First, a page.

Jesus Jones will forever be known as the group that spawned super-duper hit “Right Here, Right Now.” The album that contained it, “Doubt,” was pretty good. What I didn’t expect was for its predecessor “Liquidizer” to be even better.
In 1989 the lines between rock/hip-hop and dance music weren’t so pronounced. It was pretty common for popular rap music to make use of guitar samples and likewise club beats found their way into rock music without raising an eyebrow. Bands like Curve, Pop Will Eat Itself and EMF embraced this sound of electronic tinged rock. (alternative rock wasn’t really a thing yet either).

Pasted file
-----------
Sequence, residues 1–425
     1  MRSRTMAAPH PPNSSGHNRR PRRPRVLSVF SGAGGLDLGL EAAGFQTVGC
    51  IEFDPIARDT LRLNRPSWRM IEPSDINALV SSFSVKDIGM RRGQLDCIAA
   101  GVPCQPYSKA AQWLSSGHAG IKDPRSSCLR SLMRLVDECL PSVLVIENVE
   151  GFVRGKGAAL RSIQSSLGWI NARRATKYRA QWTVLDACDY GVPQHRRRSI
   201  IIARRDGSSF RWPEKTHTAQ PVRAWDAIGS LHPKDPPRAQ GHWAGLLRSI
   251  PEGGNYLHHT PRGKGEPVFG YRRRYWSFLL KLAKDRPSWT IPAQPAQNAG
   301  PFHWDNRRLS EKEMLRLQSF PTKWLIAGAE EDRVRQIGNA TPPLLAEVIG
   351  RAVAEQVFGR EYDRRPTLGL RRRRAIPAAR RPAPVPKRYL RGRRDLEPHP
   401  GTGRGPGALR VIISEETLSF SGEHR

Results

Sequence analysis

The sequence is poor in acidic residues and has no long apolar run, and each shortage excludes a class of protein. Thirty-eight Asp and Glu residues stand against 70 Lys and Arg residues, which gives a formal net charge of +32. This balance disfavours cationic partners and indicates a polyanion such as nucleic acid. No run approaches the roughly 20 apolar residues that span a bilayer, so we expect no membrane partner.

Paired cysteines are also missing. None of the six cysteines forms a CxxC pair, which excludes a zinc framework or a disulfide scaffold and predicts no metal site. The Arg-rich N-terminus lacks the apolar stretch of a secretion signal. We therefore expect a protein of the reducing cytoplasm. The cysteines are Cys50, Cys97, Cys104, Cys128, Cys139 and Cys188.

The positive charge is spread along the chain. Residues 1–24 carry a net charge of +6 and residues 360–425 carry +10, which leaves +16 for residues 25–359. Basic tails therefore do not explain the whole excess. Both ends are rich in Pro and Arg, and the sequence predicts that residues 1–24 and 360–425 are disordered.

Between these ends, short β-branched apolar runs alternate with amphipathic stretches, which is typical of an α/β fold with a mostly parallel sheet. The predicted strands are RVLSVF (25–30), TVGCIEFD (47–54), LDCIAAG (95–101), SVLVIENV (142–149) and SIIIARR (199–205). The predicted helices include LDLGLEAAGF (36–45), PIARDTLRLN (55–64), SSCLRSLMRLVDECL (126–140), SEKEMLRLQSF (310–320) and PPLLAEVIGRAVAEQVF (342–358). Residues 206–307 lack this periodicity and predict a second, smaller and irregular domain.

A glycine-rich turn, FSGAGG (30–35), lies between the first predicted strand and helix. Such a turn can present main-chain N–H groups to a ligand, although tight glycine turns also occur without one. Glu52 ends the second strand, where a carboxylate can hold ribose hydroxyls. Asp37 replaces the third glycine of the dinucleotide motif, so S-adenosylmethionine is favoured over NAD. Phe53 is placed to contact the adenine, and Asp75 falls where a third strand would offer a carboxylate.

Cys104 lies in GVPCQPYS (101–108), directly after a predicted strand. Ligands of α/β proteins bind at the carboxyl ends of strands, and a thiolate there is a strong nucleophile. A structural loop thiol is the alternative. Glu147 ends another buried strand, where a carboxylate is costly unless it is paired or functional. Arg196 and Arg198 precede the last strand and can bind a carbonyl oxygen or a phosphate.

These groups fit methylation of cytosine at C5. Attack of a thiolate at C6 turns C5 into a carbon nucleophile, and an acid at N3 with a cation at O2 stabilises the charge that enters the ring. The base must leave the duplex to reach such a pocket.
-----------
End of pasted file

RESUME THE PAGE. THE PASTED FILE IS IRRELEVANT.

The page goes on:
“Liquidizer” is full of bouncy, poppy (yet distinctly fuzzy) songs. Singer Mike Edwards has a distinct hoarseness as he sounds like he’s singing his lungs out. The choruses on songs like “One For the Money” and “Never Enough” are super-catchy. “Broken Bones” experiments with vocal samples and inserted dialogue. “Song 13″ slows things down and generates a massive wall of sound.
Definitely one of my favourite finds of the year. Jesus Jones might get labelled one-hit-wonders, but “Liquidizer” proves that they were anything but.